Is there a man or woman on this planet who has entered their sixth decade without ever having been blindsided by some unexpected life crisis?
In times of great social or environmental upheaval – wars, tsunamis and the like – it is remarkable and heart-warming how people tend to pull together. When faced with illness, divorce, death, bankruptcy or any of a thousand and one inevitable personal life crises, our perverse tendency is to try to be strong and go it alone. Why?
Some will mumble about ‘traditional British values’, but these days a stiff upper lip is more likely to suggest an excess of Botox and fillers than qualities of fortitude and stoicism.
I’ve reached my fifties with my own share of trauma. At 25, I was totally paralysed. For months I existed in an intensive care unit, reliant on a life support machine, unable to breathe, move, speak or even close my eyes.
After that I felt that nothing would ever bother me again. But it did. As life rolled on, relationships came and went, each with a level of emotional devastation. I ruined a business and consequently lost my home. For years, I grappled with addiction to alcohol and drugs and eventually sought refuge in rehab.
My most recent nadir was going through breast cancer, with all its hideous treatments, immediately followed by my boyfriend doing a runner.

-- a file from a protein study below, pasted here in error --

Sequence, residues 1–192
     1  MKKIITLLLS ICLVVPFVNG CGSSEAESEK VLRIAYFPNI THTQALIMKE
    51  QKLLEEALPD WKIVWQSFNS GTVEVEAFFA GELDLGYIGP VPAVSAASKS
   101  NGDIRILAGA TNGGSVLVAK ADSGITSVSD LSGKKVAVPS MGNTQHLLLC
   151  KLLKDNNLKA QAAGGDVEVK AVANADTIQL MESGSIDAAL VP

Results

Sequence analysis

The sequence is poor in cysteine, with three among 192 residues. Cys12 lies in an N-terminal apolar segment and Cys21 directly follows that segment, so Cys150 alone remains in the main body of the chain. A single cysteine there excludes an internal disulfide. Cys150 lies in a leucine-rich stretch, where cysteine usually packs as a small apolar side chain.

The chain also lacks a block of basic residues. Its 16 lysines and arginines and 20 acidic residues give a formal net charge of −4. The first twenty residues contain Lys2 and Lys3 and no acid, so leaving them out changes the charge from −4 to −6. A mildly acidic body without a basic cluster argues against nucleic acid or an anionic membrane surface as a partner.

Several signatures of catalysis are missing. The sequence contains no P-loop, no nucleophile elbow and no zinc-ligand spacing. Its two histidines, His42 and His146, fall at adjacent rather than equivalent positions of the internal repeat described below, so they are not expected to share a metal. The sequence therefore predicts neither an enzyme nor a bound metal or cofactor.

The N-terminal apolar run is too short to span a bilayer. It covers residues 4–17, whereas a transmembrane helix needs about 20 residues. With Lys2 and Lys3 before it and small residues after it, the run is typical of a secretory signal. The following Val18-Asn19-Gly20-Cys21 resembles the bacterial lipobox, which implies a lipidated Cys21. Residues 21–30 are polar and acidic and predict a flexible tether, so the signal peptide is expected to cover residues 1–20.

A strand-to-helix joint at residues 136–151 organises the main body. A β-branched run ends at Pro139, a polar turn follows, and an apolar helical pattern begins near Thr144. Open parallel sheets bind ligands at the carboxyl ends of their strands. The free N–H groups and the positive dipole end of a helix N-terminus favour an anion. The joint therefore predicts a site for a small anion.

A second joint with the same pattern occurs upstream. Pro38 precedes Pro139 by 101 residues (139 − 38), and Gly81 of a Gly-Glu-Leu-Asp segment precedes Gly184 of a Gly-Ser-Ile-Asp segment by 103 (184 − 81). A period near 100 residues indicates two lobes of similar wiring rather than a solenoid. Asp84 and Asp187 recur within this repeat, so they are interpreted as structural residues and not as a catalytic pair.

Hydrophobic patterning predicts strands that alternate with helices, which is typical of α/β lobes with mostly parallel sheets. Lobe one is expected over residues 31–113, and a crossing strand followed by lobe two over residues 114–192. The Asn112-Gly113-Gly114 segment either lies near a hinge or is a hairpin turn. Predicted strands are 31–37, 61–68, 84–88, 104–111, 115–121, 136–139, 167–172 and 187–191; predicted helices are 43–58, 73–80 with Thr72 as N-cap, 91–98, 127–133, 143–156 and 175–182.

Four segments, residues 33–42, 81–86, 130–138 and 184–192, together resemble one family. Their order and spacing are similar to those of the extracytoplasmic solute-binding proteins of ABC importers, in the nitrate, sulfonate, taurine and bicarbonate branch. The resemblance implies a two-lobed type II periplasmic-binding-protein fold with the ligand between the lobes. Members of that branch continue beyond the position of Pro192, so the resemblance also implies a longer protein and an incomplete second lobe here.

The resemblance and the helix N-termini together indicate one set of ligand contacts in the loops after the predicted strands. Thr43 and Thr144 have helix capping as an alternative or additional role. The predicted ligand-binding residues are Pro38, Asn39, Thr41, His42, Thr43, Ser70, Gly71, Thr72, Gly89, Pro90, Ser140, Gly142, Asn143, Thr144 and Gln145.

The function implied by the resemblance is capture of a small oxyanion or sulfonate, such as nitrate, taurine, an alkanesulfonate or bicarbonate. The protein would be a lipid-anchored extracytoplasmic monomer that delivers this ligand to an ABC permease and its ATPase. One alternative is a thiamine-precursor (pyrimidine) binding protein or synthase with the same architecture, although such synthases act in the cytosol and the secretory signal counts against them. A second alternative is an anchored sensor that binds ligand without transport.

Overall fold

At first I tried to do what I had always done: tough it out. It was as if I was compelled do everything myself or I wouldn’t be able to justify my existence.
At one point during my treatment, a friend came over to help me fill in a benefits claim form. As we toiled together on the byzantine paperwork, I wondered why I was crying.
I finally had to admit that I found it incredibly difficult to ask anyone for help. And even if help was freely offered, I felt guilty. I felt that somehow I didn’t deserve other people’s generosity. I realised that I’d always felt like that, deep down. I’m telling you this because you might be feeling the same way.
Our urge to isolate is based in a pervasive sense of shame. Dr Brené Brown, in her book Daring Greatly, says: “Shame is a fear of disconnection. If other people see who I really am, will they reject me?”
“Connection is what gives purpose and meaning to our lives. It is the essence of why we are here at all.” Any Quantum physicist will tell you that.
Do we try to fix the car, fly the aeroplane to our holiday destination or do our own surgery? Not unless we are dangerously self-deluded. So why on earth do we feel that we must be our own bereavement counsellor, relationship therapist or financial advisor? Consider how wise it really is to expect to excel in matters in which you have no previous experience.
Many people will be quick to say, “Let me know if there’s anything I can do.” When they said it to me, I couldn’t think of anything. More accurately, everything needed doing.
But we all fear rejection. What if you ask a friend to do something and they say no?
Psychotherapist Adela Campbell says that, far from being noble, refusing help amounts to a rejection of those who offer it. No matter what we may feel, that is an ungenerous and mean thing to do.
The problem is not so much ‘What are my friends prepared to do for me?’ but ‘What am I prepared to ask my friends to do for me?’ People want to help – but they don’t know how.
So help them!
Next week: How to slice up the elephant: practical advice on reaching out
Video: Jessica Jones on The Elegant Art of Falling Apart